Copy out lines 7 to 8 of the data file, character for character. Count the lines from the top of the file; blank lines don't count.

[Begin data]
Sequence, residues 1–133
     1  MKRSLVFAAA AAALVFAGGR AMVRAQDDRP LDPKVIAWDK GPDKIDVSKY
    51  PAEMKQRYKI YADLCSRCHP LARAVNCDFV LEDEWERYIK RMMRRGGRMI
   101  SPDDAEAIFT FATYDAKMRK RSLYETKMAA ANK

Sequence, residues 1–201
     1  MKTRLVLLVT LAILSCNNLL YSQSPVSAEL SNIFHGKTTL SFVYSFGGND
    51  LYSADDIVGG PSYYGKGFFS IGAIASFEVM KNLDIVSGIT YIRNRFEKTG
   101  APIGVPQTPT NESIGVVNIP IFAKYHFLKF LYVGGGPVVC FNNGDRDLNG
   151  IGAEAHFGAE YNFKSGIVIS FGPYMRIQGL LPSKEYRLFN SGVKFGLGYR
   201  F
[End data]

    51  LYSADDIVGG PSYYGKGFFS IGAIASFEVM KNLDIVSGIT YIRNRFEKTG
   101  APIGVPQTPT NESIGVVNIP IFAKYHFLKF LYVGGGPVVC FNNGDRDLNG